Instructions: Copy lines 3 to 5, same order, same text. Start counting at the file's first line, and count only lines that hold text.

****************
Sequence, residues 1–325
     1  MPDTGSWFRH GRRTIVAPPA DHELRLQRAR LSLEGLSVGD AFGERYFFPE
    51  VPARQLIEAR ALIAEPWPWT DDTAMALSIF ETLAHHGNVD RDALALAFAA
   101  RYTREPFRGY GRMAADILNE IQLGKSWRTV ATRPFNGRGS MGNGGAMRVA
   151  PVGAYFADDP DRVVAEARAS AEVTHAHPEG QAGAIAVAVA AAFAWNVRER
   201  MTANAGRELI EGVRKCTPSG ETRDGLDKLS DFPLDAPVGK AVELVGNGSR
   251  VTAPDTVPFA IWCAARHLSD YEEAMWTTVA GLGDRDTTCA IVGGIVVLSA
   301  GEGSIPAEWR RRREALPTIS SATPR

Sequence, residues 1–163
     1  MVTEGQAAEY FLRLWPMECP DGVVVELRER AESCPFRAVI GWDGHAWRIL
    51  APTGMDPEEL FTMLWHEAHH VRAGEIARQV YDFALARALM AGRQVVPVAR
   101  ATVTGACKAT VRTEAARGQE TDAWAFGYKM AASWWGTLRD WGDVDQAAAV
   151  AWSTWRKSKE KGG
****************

    51  VPARQLIEAR ALIAEPWPWT DDTAMALSIF ETLAHHGNVD RDALALAFAA
   101  RYTREPFRGY GRMAADILNE IQLGKSWRTV ATRPFNGRGS MGNGGAMRVA
   151  PVGAYFADDP DRVVAEARAS AEVTHAHPEG QAGAIAVAVA AAFAWNVRER